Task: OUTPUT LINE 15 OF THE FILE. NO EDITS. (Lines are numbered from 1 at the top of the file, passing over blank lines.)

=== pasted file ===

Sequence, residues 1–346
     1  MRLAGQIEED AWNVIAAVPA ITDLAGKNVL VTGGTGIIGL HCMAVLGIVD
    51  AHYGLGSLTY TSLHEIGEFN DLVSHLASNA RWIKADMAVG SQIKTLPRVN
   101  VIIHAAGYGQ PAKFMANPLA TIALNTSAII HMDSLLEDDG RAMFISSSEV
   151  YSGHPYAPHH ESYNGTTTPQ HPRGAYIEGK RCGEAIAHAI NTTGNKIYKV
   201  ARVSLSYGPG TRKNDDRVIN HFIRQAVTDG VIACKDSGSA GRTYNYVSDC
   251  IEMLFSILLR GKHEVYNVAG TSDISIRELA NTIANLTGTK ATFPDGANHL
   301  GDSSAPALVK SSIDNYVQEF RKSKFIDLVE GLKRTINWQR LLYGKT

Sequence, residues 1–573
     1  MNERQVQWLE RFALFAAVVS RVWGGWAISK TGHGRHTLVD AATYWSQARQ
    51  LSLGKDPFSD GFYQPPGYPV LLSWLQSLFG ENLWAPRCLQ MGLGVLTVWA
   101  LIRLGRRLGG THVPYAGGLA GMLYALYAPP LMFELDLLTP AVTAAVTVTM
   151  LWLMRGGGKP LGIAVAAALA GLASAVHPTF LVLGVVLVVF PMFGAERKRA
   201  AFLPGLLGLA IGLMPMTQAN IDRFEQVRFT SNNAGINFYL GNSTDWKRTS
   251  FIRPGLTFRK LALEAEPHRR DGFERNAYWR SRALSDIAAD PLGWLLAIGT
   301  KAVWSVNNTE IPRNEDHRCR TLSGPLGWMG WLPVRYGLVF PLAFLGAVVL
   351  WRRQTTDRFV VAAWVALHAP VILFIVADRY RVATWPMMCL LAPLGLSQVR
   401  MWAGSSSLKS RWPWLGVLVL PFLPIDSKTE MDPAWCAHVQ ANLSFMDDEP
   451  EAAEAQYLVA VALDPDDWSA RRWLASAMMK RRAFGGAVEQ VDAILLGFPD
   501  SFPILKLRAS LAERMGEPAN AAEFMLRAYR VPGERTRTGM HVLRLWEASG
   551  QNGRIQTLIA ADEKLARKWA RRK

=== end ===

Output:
   251  FIRPGLTFRK LALEAEPHRR DGFERNAYWR SRALSDIAAD PLGWLLAIGT